Well, I've been charged with making a cheesecake-and while past attempts have'nt been complete failures, there have been a few problems. Cracked (still tasted good though), kind of "wet" inside, you know, the usual.

I've got a well worn springform pan, and no matter how well I think I've wrapped it, it still seems to leak in the water bath. I saw Alton Brown making cheesecake in a 9"x3" aluminum cakepan, and it seemed like a good idea at the time, now I'm wondering if I'll be able to get the cake out, then invert it again (because the crust will be on the top when I invert it out of the pan)without breaking it

Any thoughts on this method, in addition to any suggestions you may have, will be greatly appreciated

and if it makes a difference,I'll be attempting a "NY/Mile high" style cheesecake
Wrap the outside, bottom, and sides of the springform with two layers of aluminum foil. Place baking rack in center of oven and place cheesecake in center of middle oven rack. Place a shallow pan full of water on the lower rack in the oven. The water helps to minimize cracking in the top of the cheesecake. After removing from the oven & cooled on a wire rack, place foil over the pan & refrigerate. If there are cracks, not to worry. You can cover the cake w ganache or fruit. If that does not work, perhaps buy a newer pan. There are leak-proof & nonstick pans. Try a google. Good luck. Don't give up on cheesecake.
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Old 03-09-2008, 01:41 PM   #8
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Amy is right. Don't give up. But buy a new pan. I won second prize in our newspaper's annual Holiday Cookbook contest last fall and have baked cheesecakes practically forever. I have yet to put one in a water bath. There is a simple, basic recipe I use. It doesn't get very tall but everyone likes it. If you like, I will submit it here to DC.
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Old 03-09-2008, 01:55 PM   #9
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Originally Posted by shortchef View Post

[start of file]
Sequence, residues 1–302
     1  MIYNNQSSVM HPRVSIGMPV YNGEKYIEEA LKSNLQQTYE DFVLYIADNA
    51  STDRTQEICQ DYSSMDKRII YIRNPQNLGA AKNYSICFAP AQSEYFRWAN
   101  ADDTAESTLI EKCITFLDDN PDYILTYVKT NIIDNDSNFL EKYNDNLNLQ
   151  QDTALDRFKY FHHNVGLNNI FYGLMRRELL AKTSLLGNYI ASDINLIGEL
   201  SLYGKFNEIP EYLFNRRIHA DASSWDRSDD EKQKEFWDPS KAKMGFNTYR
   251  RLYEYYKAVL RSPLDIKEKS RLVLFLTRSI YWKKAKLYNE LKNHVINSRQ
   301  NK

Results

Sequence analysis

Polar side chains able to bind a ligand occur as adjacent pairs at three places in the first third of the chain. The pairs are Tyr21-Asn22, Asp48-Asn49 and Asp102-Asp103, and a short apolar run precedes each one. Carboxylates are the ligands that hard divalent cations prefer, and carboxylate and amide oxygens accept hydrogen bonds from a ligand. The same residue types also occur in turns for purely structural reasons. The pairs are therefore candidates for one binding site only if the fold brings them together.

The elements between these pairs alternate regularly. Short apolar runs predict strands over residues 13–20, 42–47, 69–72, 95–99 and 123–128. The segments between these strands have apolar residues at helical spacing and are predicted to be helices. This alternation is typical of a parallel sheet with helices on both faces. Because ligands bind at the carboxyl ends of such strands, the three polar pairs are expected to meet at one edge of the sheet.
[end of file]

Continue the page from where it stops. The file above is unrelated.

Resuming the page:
Amy is right. Don't give up. But buy a new pan. I won second prize in our newspaper's annual Holiday Cookbook contest last fall and have baked cheesecakes practically forever. I have yet to put one in a water bath. There is a simple, basic recipe I use. It doesn't get very tall but everyone likes it. If you like, I will submit it here to DC.

Yes, please post it.
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Old 03-09-2008, 02:22 PM   #10
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to get the cheesecake out of the pan and right side up, try this.

Assuming there is a graham cracker crust made with butter, heating the bottom of the pan to soften the butter will allow you to invert it onto a dinner plate then place a second plate or cake platter on the now exposed bottom and turn it right side up.

If you saw the Good Eats chesecake episode, you saw that he heated the cheesecake in the pan on the stovetop for 10 seconds to soften the butter.

To avoid cracking, do not over beat the batter and cool the cooked cheesecake slowly. Some recipes call for you to cook the full time then turn off the oven and leave it for an hour or more so it cools gradually. Once out of the oven, cool it to room temperature then refrigerate overnight.

If the center is still soft, it was not cooked long enough.